(photo of a home-brewer who makes $700 profit off each batch of Nutcracker, via the NYT)

That highly potent and deceptively sweet alcoholic concoction known around New York City as the Nutcracker has been around for years, but lately, its been getting alot of attention. We all heard N.O.R.E.’s ode, and now even the New York Times have taken notice. The drink is a home brew often made in a Nutcracker peddlers’ kitchen or living room. The recipe varies but generally consists of  the highest proof liquors and fruit juice. “Kool-aid”, the Nutcracker dealer from the NY Times article, makes his with 160-proof Devil’s Springs vodka, 151-proof Bacardi 151 rum, Amaretto and cranberry, mango, pineapple and peach nectar. Fruit and jolly ranchers can also be tossed in the mix for added flavor. The beverage is than packaged in plastic bottles (even quarter water bottles) and peddled from apartments, from car trunks, from bodegas and more, all throughout Brooklyn, Queens, Harlem and the Bronx. A  New  York EZ-Pass to a quick buzz .

Of course, the NYTimes is a bit extreme with their characterization of the drank, but its crazy to see how this ‘hood favorite’ has found its way to the mainstream…

“People in the neighborhood said selling nutcrackers had become more prevalent in the dismal economy, a means some have used to supplement their incomes with quick and easy money. Some who remember the crack boom of the mid-1980s and early 1990s, and the destruction it heaped upon the community, justify the sales, seeing them as akin to marijuana dealing or numbers gambling.” – NYTIMES

Well, we did a little investigative reporting of ourselves and asked a man who has done more than his part to help Nutcracker become a household name….

Full article after the jump…

In Harlem, a Hint of a Previous Era

as Peddlers Stealthily Quench a

Thirst – (New York Times 9/21/10)

“In Prohibition-era Harlem, bootleggers sold cheap and sometimes toxic liquor and moonshine at rent parties and speakeasies for as little as 25 cents a pop.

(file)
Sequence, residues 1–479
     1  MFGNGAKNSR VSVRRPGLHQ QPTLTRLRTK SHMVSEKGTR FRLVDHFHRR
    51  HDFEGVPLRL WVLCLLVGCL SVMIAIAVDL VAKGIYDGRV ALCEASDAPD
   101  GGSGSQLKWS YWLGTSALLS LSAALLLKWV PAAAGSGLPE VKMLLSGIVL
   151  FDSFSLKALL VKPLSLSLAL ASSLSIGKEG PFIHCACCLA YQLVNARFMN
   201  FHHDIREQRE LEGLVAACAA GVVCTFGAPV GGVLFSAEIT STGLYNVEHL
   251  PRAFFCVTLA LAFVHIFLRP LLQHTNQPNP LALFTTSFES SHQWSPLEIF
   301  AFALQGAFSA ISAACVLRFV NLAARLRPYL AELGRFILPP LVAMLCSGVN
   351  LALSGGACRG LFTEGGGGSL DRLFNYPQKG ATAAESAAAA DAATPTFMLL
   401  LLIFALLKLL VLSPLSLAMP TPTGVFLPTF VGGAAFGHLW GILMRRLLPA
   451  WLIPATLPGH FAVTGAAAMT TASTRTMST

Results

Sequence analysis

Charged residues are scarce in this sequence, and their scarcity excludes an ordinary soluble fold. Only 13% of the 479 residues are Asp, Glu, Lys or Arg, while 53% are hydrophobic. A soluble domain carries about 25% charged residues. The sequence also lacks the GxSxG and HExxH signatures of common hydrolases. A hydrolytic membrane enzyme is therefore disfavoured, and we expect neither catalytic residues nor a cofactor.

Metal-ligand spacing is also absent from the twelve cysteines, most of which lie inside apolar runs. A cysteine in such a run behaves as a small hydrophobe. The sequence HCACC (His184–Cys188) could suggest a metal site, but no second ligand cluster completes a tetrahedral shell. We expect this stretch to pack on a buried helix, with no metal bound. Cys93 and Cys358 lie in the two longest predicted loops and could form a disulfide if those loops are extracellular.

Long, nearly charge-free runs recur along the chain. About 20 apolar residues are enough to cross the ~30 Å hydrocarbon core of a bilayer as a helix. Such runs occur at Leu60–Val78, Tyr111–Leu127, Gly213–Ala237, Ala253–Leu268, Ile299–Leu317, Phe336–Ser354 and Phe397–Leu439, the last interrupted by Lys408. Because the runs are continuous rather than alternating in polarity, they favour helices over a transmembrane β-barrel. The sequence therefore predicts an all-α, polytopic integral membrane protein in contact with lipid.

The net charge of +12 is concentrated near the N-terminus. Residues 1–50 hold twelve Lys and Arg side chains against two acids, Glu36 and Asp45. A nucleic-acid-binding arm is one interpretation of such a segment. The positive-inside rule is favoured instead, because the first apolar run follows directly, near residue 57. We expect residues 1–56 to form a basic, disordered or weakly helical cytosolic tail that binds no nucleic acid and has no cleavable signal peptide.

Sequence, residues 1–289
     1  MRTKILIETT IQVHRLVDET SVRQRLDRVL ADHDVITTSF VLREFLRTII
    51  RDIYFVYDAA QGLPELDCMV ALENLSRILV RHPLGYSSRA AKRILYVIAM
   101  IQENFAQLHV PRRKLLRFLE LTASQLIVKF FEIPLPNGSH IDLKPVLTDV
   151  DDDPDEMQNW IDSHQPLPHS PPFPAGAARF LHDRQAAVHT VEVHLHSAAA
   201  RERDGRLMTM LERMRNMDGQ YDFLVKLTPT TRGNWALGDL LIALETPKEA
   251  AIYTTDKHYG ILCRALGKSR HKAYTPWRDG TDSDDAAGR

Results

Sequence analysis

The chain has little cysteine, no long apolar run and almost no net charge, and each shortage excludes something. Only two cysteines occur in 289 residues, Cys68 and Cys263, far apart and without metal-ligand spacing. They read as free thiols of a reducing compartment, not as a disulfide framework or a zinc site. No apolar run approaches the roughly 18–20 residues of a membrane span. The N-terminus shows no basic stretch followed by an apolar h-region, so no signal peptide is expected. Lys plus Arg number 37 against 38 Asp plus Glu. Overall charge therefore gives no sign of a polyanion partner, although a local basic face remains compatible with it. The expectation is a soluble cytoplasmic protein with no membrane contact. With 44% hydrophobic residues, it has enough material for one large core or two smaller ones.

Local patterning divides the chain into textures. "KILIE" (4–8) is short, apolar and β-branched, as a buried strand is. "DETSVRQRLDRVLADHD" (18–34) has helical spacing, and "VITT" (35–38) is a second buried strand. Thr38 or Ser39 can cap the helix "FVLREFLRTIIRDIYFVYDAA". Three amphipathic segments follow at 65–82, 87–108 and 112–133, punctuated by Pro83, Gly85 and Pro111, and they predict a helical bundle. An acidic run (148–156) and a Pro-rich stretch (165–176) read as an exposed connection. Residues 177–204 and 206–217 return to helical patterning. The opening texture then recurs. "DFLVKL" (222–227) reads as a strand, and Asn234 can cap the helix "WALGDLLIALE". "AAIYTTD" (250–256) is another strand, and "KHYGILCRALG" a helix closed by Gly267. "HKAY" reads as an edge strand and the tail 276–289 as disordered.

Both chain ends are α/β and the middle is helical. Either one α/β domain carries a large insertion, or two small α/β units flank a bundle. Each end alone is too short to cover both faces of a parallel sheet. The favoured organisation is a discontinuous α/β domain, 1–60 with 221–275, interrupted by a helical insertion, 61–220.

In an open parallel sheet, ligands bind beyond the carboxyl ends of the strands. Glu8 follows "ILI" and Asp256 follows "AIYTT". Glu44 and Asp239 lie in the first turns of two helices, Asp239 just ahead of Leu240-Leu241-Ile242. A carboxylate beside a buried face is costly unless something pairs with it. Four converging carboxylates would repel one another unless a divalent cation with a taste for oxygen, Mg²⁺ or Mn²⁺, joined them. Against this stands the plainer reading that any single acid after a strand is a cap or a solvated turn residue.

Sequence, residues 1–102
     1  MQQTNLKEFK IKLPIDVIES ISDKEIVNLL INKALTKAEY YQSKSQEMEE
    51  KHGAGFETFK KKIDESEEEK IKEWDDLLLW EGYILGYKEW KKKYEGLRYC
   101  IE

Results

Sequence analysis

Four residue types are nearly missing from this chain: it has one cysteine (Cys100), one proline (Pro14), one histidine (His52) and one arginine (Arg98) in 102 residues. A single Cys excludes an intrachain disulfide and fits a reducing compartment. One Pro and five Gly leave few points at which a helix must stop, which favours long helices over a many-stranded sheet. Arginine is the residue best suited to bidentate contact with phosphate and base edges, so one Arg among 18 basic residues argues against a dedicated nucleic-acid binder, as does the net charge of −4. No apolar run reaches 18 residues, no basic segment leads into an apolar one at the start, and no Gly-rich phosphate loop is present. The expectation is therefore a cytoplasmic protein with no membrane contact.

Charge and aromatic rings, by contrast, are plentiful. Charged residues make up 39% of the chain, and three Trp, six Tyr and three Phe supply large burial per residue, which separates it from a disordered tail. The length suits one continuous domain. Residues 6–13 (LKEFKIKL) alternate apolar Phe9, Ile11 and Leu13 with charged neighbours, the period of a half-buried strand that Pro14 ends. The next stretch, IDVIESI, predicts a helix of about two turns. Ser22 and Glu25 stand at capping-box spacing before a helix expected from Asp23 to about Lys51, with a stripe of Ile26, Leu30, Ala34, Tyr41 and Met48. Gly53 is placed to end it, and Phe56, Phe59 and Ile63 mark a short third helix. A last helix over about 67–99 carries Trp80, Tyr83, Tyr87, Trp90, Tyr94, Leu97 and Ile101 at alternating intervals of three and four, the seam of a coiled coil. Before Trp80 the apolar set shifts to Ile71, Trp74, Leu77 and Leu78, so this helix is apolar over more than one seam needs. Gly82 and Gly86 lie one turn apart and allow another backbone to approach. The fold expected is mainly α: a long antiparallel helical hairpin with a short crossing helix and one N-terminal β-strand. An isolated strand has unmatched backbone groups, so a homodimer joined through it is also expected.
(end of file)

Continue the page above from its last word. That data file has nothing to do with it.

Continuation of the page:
Rotgut whiskey was sold in basement barrooms, drugstores and delicatessens on Lenox Avenue. Mom-and-pop operations doled out home brews from bathtubs and backyard stills.

Some semblance of those days are back in Harlem, where potent sweet liquor drinks are being mixed at home and sold illegally off stoops, in apartment hallways and in bodegas and barbershops.

The drinks, a blend of various hard liquors and fruit juices, are called nutcracker, and they are being sold in sealed plastic bottles or Styrofoam cups for $5 throughout Harlem.

Sales of the drink have been part of the underground economy for years, but with this summer’s heat and the economic slump they have become more visible. Visitors to any block party or outdoor event in Harlem this summer could not have missed the chant of “Nutcrackers! Nutcrackers!”

People in the neighborhood said selling nutcrackers had become more prevalent in the dismal economy, a means some have used to supplement their incomes with quick and easy money. Some who remember the crack boom of the mid-1980s and early 1990s, and the destruction it heaped upon the community, justify the sales, seeing them as akin to marijuana dealing or numbers gambling.

But others in Harlem, including parents and pastors, say they are worried, particularly because of the drink’s potency, popularity with teenagers and easy availability.

“I think adults and young adults are being very selfish and using greed to raise money,” said the Rev. Vernon Williams, an antiviolence activist who sees a correlation between nutcracker sales and youth violence. “And they are taking this toxic combination of multiple high-level alcohols and selling it indiscriminately to anyone who has the $5.”

Police officials said they were aware of the nutcracker sales and had done what they could to address the issue. They said the department had used both plainclothes and uniformed officers to issue summonses to stores and individuals caught selling it. People found buying the drinks were issued summonses for having an open container of alcohol, the police said.

Sellers include young and older women, blue-collar workers, street hustlers and the underemployed. To give themselves an edge, some sellers even make home deliveries.